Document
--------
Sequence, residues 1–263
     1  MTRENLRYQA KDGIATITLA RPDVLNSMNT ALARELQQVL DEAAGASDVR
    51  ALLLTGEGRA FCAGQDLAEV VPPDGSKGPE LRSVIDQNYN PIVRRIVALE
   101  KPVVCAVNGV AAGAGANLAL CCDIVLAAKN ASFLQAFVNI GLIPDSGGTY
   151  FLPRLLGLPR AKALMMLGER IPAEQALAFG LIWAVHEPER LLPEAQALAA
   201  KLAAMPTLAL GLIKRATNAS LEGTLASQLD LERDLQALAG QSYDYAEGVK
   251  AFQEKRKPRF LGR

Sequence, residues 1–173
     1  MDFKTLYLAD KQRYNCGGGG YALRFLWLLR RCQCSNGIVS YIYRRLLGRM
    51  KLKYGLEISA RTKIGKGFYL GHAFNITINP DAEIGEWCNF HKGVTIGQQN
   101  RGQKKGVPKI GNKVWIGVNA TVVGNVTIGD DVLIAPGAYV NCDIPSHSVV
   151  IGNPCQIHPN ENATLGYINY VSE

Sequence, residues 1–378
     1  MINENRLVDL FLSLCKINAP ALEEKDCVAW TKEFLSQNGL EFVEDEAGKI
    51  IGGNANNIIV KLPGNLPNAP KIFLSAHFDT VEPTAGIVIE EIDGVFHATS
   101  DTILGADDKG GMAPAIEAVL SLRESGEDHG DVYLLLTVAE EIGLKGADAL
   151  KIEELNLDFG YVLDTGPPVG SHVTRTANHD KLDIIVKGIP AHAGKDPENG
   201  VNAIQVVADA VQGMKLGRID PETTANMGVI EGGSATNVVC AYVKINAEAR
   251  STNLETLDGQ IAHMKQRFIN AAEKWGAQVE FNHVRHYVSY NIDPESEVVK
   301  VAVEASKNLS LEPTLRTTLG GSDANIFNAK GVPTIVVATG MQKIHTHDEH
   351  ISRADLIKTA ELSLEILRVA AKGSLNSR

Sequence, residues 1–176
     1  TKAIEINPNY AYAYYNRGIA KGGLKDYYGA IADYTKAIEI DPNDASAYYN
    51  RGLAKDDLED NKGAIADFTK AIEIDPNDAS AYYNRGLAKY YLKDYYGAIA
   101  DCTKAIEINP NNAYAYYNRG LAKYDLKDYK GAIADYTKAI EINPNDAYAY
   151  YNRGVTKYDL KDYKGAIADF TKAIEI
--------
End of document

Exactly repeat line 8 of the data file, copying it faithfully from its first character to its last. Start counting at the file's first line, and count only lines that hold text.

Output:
Sequence, residues 1–173